Connor Armstrong

Connor Armstrong

We talk about new Silicon Valleys, providing value for every type of user, and the good kind of change.

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Tell me about yourself. Where are you from? What do you enjoy doing?

I’m originally from Birmingham, Alabama. That’s confusing for some people because I don’t have a southern accent at all. I went to college there, then moved to Nashville and lived there for a few years.

After that, I moved to Charlotte, which is where I live now. Right now my wife and I are eating our way through the city. We go to restaurants that are well rated and get recommendations from local people. We’ve been enjoying it a lot.

Besides that, a lot of what I do falls into the “boring and normal” range. I spend a lot of time walking my Australian shepherd. I’m trying to read 50 books this year, even though I’m behind pace at only six so far. That’s most of the rest of how I spend my time, just in unexceptional ways like reading, listening to podcasts, and working out.

Charlotte is, to me, one of the bigger “new Silicon Valley” alternative cities.

Charlotte is sort of a clone of Nashville, which blew up first. It has a very similar restaurant culture, even to the point where some chains are only here, Nashville and Atlanta. But you get all of those cool new tech city benefits without all the tourists and bachelorette parties everywhere, which is a plus.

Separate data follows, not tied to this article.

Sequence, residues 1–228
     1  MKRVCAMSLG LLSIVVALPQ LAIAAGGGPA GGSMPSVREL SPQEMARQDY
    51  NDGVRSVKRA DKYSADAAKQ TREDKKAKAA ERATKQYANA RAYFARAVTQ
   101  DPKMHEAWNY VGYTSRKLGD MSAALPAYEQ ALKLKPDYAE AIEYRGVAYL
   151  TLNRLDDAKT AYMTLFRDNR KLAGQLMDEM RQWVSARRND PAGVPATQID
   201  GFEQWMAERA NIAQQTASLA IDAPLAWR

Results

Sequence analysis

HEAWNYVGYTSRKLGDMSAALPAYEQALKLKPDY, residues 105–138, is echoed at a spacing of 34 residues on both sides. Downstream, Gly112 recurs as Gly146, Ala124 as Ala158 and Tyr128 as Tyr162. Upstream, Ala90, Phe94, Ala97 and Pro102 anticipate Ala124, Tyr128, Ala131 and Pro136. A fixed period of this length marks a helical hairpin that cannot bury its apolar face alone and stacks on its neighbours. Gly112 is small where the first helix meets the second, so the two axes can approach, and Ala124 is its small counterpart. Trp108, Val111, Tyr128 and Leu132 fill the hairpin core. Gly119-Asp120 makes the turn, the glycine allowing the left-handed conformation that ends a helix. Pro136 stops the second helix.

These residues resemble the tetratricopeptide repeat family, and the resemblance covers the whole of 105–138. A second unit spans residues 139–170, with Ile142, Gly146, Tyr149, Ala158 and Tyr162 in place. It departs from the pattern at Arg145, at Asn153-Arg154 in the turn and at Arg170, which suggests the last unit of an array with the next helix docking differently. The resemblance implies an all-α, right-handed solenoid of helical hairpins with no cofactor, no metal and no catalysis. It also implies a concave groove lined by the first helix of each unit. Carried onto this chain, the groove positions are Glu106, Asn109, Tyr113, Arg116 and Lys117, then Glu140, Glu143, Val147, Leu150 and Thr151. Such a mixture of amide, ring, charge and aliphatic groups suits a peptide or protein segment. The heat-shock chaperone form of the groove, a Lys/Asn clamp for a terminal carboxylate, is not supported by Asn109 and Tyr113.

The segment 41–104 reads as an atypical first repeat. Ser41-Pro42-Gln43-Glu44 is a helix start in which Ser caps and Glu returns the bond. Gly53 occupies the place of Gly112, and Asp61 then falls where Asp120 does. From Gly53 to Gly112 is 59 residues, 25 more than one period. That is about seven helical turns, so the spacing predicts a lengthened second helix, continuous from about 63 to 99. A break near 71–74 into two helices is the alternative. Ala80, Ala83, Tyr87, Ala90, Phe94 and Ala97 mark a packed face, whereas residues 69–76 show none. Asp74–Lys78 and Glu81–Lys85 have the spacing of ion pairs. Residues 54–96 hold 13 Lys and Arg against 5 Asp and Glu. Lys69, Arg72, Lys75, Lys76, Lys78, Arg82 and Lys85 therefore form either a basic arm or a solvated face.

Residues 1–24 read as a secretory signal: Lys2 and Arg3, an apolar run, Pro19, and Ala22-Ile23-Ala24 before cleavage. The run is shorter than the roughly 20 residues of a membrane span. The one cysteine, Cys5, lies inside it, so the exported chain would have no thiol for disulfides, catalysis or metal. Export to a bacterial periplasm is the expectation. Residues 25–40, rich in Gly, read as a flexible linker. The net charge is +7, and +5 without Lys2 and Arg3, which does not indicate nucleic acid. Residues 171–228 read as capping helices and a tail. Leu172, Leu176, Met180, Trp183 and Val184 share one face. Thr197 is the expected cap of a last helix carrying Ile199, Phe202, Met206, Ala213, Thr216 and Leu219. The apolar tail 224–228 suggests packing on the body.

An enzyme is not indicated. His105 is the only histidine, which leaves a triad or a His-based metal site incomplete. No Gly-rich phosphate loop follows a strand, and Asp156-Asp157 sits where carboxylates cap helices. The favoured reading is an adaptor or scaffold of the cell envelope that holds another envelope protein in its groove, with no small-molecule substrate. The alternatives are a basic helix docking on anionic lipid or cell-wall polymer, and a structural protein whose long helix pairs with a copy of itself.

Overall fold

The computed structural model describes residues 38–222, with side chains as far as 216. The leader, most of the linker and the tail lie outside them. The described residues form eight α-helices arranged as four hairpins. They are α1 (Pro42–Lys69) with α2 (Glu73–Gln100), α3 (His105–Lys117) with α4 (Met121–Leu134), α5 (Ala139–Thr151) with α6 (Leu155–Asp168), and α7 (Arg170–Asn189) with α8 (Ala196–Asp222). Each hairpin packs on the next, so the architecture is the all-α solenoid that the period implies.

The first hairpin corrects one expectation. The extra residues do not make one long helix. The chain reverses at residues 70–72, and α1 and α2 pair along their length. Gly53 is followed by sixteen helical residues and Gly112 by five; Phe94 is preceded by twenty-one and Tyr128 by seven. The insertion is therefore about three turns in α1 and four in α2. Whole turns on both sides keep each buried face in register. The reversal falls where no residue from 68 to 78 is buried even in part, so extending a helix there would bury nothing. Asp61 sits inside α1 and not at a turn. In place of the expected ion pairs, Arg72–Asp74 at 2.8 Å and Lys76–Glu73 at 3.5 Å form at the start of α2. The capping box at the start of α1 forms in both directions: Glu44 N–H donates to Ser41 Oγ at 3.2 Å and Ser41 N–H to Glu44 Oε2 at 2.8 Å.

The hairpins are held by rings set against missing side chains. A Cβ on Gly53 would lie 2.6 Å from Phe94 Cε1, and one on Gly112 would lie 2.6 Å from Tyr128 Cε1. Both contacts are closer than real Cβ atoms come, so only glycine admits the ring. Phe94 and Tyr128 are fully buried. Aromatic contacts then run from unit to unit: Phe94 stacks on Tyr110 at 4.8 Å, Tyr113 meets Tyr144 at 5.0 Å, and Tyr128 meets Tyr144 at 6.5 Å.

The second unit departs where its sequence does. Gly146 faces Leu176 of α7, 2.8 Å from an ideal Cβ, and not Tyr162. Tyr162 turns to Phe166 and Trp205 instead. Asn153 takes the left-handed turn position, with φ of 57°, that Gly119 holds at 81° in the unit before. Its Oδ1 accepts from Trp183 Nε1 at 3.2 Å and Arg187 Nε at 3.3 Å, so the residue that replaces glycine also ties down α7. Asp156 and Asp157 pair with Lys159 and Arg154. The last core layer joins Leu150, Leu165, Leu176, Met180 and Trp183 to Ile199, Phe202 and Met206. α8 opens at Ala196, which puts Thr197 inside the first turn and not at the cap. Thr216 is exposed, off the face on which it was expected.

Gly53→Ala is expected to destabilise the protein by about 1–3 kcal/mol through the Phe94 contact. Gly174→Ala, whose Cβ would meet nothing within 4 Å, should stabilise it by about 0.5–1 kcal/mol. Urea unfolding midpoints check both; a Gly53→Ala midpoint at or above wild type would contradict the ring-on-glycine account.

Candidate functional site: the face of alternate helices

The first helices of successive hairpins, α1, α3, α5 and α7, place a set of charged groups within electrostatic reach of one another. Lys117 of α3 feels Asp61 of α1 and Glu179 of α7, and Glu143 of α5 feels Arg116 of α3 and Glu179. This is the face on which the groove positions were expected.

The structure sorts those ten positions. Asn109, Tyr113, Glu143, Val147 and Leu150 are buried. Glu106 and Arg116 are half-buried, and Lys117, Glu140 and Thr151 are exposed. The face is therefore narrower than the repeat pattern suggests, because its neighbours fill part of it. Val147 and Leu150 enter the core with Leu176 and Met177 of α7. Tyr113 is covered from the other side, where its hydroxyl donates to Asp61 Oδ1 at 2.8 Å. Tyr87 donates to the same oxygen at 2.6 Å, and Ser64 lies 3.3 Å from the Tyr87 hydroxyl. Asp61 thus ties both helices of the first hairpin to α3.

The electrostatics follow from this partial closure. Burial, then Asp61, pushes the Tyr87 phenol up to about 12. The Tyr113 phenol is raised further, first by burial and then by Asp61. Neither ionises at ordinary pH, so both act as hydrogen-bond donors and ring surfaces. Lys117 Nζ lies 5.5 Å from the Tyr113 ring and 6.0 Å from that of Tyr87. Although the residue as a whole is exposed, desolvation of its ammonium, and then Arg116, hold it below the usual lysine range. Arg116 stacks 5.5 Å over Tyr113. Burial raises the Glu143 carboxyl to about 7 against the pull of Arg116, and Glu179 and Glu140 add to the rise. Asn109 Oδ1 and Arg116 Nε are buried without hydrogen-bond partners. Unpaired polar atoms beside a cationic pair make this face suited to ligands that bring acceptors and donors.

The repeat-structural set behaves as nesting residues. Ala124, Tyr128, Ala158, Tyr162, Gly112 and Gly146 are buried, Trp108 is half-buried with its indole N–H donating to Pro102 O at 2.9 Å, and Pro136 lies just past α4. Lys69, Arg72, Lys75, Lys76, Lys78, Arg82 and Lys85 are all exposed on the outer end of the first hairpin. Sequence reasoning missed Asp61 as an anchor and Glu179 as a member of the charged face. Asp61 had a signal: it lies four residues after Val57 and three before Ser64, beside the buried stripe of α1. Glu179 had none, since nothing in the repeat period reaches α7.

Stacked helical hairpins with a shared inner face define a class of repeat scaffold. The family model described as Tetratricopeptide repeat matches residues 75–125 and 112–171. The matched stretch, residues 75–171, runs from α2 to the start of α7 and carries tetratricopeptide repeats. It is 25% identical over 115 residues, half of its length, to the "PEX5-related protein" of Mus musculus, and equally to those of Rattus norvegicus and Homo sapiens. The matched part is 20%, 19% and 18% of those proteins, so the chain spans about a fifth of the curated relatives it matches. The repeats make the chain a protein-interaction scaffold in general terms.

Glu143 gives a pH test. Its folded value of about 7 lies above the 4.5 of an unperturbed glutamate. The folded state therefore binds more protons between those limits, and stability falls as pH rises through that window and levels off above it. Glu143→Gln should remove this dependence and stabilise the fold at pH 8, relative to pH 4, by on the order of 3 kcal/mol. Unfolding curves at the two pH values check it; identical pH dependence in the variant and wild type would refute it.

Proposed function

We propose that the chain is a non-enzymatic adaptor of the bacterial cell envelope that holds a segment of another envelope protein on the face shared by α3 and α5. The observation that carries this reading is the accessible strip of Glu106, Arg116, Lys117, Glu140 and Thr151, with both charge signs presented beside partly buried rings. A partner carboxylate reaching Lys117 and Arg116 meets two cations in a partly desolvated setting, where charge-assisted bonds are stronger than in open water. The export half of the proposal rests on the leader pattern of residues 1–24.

What made you choose Clipboard?

I was actually contacted by a Clipboard Health recruiter. They emailed me and at first I just wrote it off. But later that day I ended up looking up what CBH is and does. This was right around the beginning of COVID, and I had been hearing a lot about nurse shortages. Having a mission that aligned with fixing that problem at that particular time made Clipboard a lot more interesting.

I had two interviews with Chris and Kay after that. I found the team intimidating at first, but that’s actually what I like. I do my best work when I’m surrounded by smart people, because it forces me to learn to keep up. Since I’ve been here I’ve learned a ton and I’ve done a lot outside my comfort zone, which has helped me to grow.

I tell people that in two years I’ve learned more at CBH than I’ve learned in the last 6 years of school and other jobs, because most people learn by doing and here I’ve been able to do so much. I stick around for the same reasons. My team and my leadership are excellent. Everyone is extremely smart and dedicated to what they do, and that’s another thing that lets you accomplish your goals and enjoy your work. And the mission.

What do you like about the mission?

One of the things that’s been encouraging as I’ve worked here is that any time I’ve talked about making a change, whether to bonus structures, territory assignments or something else, the discussion always ends up being about what would be best for our customers and the people they help. Patients at healthcare facilities aren’t direct customers, but they are always kept top-of-mind with nurses and healthcare facilities so we can make sure all three get value.

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What do you think makes you best at your job?